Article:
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Basic Astronomy Concepts

Infrared Astronomy

radio waves, Young stars, Infrared Astronomy, visible light, Infrared radiation

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Infrared Astronomy, the detection and study of infrared radiation emanating from objects in outer space. Infrared radiation is another form of electromagnetic energy, similar to visible light and radio waves, but differing by its wavelength (or frequency); all such waves travel at the speed of light in a vacuum. Infrared wavelengths begin around 0.0007 mm just beyond the reddest light that the human eye can detect, this is called the “near” infrared, and grow in size to about 0.35 mm in the “far” infrared. Wavelengths larger than this belong to the sub-millimeter, microwave, and radio parts of the electromagnetic spectrum.

Infrared observations are important in astrophysics for several reasons. Infrared radiation penetrates more easily through the vast stretches of interstellar gas and dust clouds than does visible and ultraviolet light, revealing regions hidden to normal telescopes. Young stars are surrounded by a cocoon of gas and dust which can make them invisible, but their heat warms the dust grains and produces infrared radiation which escapes to reveal their presence. Infrared radiation is also called “thermal” or heat radiation. Many molecules, such as carbon monoxide (CO) and hydrogen (H2), and tiny solid particles known as dust grains, are best studied at infrared wavelengths. Finally, the expansion of the universe changes (or redshifts) the visible light emitted by the most distant galaxies into red and infrared light.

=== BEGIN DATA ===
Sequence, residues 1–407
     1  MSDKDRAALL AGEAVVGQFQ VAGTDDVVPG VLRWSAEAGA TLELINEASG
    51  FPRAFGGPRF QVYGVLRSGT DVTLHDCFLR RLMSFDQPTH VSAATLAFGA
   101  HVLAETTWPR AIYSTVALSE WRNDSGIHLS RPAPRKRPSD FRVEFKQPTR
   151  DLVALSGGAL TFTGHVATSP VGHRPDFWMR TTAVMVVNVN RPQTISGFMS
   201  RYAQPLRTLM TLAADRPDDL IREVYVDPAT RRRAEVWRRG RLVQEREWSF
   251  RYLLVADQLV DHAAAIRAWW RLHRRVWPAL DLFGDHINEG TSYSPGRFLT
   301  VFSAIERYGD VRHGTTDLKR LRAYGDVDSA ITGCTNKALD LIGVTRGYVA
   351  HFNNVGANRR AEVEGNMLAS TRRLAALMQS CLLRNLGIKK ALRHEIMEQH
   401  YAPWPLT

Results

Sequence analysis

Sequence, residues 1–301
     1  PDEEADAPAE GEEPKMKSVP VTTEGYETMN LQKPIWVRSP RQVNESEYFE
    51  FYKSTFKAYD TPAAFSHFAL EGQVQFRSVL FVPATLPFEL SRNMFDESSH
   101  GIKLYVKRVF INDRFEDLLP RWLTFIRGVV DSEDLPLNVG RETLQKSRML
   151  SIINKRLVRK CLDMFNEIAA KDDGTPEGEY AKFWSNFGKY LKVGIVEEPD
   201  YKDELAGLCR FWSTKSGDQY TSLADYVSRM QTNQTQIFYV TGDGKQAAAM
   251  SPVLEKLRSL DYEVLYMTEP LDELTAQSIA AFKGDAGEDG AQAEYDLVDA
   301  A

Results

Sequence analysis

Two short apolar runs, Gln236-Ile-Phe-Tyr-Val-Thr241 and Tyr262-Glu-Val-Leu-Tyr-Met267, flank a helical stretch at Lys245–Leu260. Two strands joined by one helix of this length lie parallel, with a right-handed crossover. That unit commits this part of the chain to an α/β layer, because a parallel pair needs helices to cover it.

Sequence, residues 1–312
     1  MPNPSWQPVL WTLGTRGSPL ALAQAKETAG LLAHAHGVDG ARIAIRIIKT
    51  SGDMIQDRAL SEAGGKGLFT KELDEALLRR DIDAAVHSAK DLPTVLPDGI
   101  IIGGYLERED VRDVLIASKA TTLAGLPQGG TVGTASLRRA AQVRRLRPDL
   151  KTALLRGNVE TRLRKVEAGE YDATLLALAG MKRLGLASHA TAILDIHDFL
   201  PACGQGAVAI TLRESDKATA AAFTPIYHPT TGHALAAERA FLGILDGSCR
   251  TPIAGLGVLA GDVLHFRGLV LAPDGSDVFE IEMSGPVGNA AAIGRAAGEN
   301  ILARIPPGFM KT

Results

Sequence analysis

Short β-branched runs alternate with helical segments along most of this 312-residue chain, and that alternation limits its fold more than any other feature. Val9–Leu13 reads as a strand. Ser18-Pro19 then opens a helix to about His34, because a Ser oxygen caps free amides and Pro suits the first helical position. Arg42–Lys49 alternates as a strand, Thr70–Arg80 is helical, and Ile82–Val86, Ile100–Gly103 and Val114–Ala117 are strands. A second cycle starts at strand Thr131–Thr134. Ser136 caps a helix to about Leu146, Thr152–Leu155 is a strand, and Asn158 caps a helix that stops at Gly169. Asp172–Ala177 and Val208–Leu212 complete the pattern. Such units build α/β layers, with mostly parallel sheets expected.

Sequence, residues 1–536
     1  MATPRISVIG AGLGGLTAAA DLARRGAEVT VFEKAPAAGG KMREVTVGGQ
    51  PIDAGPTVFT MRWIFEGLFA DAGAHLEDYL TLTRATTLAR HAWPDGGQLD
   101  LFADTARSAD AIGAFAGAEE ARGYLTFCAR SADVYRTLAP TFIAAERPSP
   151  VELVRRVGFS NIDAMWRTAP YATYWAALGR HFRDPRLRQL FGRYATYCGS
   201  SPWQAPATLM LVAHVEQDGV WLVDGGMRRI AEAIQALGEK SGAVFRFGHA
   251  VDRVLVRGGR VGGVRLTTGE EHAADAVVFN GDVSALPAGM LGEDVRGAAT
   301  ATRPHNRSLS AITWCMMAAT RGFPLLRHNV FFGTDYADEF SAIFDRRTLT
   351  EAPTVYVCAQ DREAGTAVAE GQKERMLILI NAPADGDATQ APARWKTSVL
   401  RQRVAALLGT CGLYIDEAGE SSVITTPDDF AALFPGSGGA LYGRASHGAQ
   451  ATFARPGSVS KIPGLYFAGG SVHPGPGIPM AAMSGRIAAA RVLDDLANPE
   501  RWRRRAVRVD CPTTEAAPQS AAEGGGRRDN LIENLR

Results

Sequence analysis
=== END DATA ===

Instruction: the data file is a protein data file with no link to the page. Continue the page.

Article key phrases:

radio waves, Young stars, Infrared Astronomy, visible light, Infrared radiation, radio parts, distant galaxies, heat radiation, infrared wavelengths, electromagnetic spectrum, infrared light, speed of light, human eye, ultraviolet light, astrophysics, outer space, hydrogen, H2, carbon monoxide, objects, molecules, regions, microwave, expansion, mm, vacuum, frequency, presence, detection, reasons, size

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